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Subtraction Word Problems

In first grade, it's so easy for us teachers to assume students already know something. When a student can find the right answer to an addition or subtraction problem, we assume that they understand it. But, do they really understand it?

I always like to allow students to have a lot of dialogue surrounding the concepts that we are working on and subtraction is no different.

I wanted to share this activity with you because it really gave students the ability to practice subtraction in a more meaningful way. When subtraction is put into context of a word problem, students actually begin to understand that to subtract means to take something away. In this activity students get to practice this and deepen their understanding.

Before my students and I did this lesson we did two days of subtraction lessons which came after about two weeks of addition instruction. They have a basic understanding right now and this lesson was meant to deepen that.

For this lesson, I prepared this anchor chart ahead of time. When I prepared it though, I left the lines blank. My students and I read through the word problem without the subject, the place and the numbers. They determined right away that this was a subtraction word problem. I asked the students to help me fill in the blanks. If we weren't so tight on time I would have had them come up and write the numbers and words, but we were in a bit of a rush. After we filled in the blanks we discussed what the word problem was actually asking us to do. Then, we came up with our number sentence. The student I called on for the number sentence did a classic: raise your hand and then say I forgot. I actually love it when this happens because I can guide the student through the thinking process which is exactly what I did. It helped her understand how to develop a number sentence from a word problem and honestly, I think it helped it click for a few other students too.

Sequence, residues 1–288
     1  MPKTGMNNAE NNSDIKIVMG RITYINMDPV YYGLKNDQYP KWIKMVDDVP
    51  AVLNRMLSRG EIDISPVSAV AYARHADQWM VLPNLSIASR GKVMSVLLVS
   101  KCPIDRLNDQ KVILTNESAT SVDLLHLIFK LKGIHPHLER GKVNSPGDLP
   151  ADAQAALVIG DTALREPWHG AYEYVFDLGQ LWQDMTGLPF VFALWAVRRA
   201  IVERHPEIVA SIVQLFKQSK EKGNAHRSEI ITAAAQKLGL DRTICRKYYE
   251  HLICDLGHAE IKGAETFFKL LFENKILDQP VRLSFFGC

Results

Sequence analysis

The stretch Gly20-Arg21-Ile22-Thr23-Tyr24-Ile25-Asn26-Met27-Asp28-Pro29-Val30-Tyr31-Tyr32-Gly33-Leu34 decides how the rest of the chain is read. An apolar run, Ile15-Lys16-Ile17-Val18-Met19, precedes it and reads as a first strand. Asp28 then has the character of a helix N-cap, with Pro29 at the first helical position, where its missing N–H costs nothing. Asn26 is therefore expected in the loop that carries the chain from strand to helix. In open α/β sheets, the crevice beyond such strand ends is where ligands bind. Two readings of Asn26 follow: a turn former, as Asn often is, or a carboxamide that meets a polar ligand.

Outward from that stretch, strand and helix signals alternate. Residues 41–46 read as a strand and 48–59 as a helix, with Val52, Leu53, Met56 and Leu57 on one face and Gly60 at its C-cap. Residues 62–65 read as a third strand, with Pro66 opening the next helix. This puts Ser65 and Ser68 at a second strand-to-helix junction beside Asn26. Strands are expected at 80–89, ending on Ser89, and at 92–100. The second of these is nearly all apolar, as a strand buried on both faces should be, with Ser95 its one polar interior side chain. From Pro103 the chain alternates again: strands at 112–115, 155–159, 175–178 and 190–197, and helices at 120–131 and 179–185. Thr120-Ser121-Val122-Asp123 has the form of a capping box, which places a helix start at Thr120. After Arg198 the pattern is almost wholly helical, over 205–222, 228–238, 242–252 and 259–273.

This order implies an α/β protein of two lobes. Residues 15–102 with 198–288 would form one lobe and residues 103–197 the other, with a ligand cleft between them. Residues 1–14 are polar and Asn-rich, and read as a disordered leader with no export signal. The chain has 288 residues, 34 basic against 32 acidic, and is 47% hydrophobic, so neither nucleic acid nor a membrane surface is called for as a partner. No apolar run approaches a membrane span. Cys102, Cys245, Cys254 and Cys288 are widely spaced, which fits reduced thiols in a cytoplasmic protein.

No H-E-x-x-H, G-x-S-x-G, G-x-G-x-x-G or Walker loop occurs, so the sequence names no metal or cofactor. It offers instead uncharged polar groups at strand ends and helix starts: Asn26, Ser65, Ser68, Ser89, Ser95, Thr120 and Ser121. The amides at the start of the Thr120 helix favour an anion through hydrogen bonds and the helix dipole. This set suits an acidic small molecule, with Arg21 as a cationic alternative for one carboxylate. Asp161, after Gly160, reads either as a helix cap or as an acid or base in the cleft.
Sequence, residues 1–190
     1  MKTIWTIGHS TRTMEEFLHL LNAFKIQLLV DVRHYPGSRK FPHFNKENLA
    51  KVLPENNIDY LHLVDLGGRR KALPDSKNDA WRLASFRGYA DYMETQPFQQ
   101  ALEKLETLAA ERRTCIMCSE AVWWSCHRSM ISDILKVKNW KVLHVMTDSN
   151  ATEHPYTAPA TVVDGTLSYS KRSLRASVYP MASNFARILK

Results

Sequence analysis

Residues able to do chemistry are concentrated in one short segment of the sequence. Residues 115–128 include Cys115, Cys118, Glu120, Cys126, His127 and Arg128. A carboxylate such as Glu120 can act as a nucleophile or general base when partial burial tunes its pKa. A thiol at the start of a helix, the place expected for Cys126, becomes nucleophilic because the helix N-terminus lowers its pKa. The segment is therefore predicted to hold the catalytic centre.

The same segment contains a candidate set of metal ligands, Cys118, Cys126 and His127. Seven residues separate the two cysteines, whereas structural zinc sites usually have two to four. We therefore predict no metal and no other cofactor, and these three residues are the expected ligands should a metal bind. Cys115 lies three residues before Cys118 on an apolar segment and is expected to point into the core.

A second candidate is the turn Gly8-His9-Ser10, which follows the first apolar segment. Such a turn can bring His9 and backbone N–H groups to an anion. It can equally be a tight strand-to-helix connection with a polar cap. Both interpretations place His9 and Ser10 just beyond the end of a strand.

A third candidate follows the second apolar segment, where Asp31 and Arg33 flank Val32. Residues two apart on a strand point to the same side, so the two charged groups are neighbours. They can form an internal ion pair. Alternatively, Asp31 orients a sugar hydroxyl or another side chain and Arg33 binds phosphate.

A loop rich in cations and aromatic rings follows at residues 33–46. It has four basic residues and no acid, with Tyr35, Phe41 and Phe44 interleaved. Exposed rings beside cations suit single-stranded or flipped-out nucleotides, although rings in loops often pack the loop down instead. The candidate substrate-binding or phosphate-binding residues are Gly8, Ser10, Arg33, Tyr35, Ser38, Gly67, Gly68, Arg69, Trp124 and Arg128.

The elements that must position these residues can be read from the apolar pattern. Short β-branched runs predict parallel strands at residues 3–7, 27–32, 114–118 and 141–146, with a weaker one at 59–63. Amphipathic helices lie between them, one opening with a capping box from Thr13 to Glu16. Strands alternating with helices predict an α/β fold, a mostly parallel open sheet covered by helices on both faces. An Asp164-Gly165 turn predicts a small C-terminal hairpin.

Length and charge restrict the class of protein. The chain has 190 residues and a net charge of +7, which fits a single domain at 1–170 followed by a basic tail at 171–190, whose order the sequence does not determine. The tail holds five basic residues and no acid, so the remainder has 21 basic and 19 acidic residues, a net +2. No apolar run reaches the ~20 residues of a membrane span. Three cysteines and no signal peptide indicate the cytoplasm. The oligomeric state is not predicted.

Once we were done with the whole group lesson, then it was the students turn to come up with their own word problem. I had them write their own word problem and then solve it themselves. When they finished, they wrote a different word problem on the other side of the paper and gave it to a friend to solve. (this was great for motivation)



If you want to try something like this, you can grab the word problem paper for free here.

Have fun!!


3 comments

  1. Really impressive article. I have ever read. Thanks for sharing keep writing these type of articles and help people to get more knowledge.. Blog Love Dream

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  2. I love how you talked through the lesson, made the word problem sentence frame as an anchor chart, shared what happened when a student forgot their response, then followed it up with independent practice that matched the lesson. Solid. We just happen to be working on subtraction right now; I'm visualizing this as a way to link math and writing. Thank you for sharing!

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